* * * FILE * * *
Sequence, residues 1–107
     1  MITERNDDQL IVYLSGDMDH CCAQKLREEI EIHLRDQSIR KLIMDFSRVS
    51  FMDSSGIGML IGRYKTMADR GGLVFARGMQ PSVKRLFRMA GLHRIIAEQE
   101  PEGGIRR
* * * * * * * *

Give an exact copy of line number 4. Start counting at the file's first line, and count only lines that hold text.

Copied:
   101  PEGGIRR